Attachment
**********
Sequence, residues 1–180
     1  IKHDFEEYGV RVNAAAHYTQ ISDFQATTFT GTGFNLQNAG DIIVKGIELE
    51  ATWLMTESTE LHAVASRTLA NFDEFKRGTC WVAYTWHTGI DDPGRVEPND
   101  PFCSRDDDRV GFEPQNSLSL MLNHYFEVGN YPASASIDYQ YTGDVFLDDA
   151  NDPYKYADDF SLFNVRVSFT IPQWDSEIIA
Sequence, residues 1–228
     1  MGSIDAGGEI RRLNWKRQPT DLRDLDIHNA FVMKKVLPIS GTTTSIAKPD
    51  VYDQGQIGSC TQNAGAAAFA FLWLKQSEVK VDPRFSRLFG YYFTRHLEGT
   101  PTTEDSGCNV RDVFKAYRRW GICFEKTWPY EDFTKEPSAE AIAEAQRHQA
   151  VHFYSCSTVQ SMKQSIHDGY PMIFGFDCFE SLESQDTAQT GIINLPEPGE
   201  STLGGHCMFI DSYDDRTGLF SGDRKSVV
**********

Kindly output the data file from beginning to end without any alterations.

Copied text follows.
Sequence, residues 1–180
     1  IKHDFEEYGV RVNAAAHYTQ ISDFQATTFT GTGFNLQNAG DIIVKGIELE
    51  ATWLMTESTE LHAVASRTLA NFDEFKRGTC WVAYTWHTGI DDPGRVEPND
   101  PFCSRDDDRV GFEPQNSLSL MLNHYFEVGN YPASASIDYQ YTGDVFLDDA
   151  NDPYKYADDF SLFNVRVSFT IPQWDSEIIA
Sequence, residues 1–228
     1  MGSIDAGGEI RRLNWKRQPT DLRDLDIHNA FVMKKVLPIS GTTTSIAKPD
    51  VYDQGQIGSC TQNAGAAAFA FLWLKQSEVK VDPRFSRLFG YYFTRHLEGT
   101  PTTEDSGCNV RDVFKAYRRW GICFEKTWPY EDFTKEPSAE AIAEAQRHQA
   151  VHFYSCSTVQ SMKQSIHDGY PMIFGFDCFE SLESQDTAQT GIINLPEPGE
   201  STLGGHCMFI DSYDDRTGLF SGDRKSVV